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Nehemiah Project church-planting initiative now in place

ALPHARETTA, Ga. (BP)–Two “Nehemiah Project” church planting professors have been appointed at seminaries in California and Canada, completing the initial implementation of the North American Mission Board’s seminary-based plan for training and mentoring church starters.
Colorado church planter D. Allan Karr has been named Nehemiah Project professor at Golden Gate Theological Seminary in Mill Valley, Calif., while Stan Harris* will direct the program at Canadian Baptist Theological Seminary in Cochrane, Alberta. They will join Nehemiah Project professors at the other five Southern Baptist seminaries already appointed as both seminary faculty and NAMB missionaries.
The Nehemiah Project is a partnership between NAMB, the seminaries and state conventions designed to train and mentor church planters through a combination of classroom instruction and extended internships. Two groups of church planter interns already have been appointed as NAMB missionaries through the program, which was announced last summer.
“The early signals are this is going to be even bigger than we anticipated, because of the interest students are bringing and the affirmation we are receiving,” said Richard Harris, vice president of NAMB’s church planting group. “… I would say we are at least a year to a year and a half ahead of where we thought we would be in No. 1, getting the professors, and No. 2, getting the curriculum into the seminaries.”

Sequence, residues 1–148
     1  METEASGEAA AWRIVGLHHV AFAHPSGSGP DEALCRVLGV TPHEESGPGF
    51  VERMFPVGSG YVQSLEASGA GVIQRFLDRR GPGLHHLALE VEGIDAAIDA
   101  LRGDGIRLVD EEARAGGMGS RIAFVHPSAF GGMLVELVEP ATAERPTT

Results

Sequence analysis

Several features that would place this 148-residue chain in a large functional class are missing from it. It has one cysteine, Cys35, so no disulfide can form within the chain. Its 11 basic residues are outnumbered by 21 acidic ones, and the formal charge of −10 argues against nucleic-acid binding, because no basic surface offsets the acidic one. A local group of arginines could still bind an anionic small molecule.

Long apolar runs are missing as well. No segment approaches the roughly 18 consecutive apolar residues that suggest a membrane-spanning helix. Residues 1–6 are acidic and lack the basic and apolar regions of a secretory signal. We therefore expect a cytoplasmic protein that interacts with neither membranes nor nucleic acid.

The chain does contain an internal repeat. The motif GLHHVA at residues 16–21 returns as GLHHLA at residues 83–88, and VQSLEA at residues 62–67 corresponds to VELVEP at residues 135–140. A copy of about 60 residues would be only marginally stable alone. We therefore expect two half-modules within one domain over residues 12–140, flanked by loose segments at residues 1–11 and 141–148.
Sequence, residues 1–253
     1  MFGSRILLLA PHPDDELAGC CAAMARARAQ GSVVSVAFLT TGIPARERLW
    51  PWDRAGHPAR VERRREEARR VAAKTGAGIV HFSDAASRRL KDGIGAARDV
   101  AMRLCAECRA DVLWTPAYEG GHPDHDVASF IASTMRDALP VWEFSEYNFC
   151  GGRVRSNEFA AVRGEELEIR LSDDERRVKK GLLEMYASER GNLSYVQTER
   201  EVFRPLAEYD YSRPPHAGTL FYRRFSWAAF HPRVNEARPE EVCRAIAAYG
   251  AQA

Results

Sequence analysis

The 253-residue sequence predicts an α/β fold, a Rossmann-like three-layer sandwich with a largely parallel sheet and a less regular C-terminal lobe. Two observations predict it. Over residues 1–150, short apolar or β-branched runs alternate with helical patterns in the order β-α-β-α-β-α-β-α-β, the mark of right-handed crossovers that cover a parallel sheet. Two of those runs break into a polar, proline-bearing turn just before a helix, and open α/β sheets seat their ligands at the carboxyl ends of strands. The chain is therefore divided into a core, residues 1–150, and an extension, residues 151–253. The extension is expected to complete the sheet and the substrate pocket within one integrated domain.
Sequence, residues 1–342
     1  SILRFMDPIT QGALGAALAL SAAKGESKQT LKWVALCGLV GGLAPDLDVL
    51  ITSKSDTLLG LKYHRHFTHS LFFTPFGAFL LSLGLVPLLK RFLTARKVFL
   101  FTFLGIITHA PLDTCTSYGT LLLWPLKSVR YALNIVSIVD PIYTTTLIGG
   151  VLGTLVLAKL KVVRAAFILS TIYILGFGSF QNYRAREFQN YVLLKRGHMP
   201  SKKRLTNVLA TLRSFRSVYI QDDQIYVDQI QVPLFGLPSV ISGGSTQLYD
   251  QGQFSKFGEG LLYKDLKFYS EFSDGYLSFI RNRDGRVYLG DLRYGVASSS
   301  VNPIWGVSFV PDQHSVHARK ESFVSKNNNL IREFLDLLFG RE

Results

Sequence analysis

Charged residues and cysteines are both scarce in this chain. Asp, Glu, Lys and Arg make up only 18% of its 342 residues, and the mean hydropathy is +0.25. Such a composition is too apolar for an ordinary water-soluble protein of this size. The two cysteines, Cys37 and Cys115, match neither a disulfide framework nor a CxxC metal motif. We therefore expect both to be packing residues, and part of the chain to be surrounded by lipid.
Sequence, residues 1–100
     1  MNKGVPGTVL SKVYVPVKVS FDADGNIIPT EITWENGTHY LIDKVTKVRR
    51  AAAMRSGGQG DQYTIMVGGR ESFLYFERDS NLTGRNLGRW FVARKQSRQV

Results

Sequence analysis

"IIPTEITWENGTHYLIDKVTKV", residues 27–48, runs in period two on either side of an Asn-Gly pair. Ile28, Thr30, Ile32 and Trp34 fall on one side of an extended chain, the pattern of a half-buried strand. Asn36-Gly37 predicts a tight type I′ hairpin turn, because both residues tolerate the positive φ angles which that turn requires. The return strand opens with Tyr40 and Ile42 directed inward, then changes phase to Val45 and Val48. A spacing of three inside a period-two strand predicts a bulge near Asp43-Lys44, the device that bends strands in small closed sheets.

Karr, based at Golden Gate’s Rocky Mountain Campus in suburban Denver, will direct Nehemiah Project training programs throughout the seminary’s regional campuses. Golden Gate operates five campuses to “provide contextualized theological education in the vast and diverse mission settings of the western United States,” said seminary president William O. Crews.
“From our vantage point at Golden Gate, we are looking at church planting opportunities of world-size dimension,” said Crews. “Allan Karr’s real-world experience and visionary leadership of this mission initiative will complement the spirit of church planting and evangelism that lies at the heart of Golden Gate. We can only begin to imagine all that God will do as we give serious, determined effort across this country and around the world to plant healthy, lasting congregations.”
Sam Williams, assistant professor of pastoral leadership at Golden Gate and director of the seminary’s church planting program at the Mill Valley, Calif., campus near San Francisco, believes the practical experience gained in this kind of program is invaluable to healthy church planting in the future.
Golden Gate’s internship training program became one of the key prototypes for the Nehemiah Project. During the seminary’s “testing phase” of the program, seminary students helped start nearly two dozen churches.
Karr founded Castle Valley Community Church in Castle Rock, Colo., with just his family in 1995. Designed as a reproducing congregation from its inception, the church of about 130 in attendance has already started one new church and core groups are being formed for two others. Karr also has been a leader in the various church-planting training programs of the Colorado Baptist General Convention.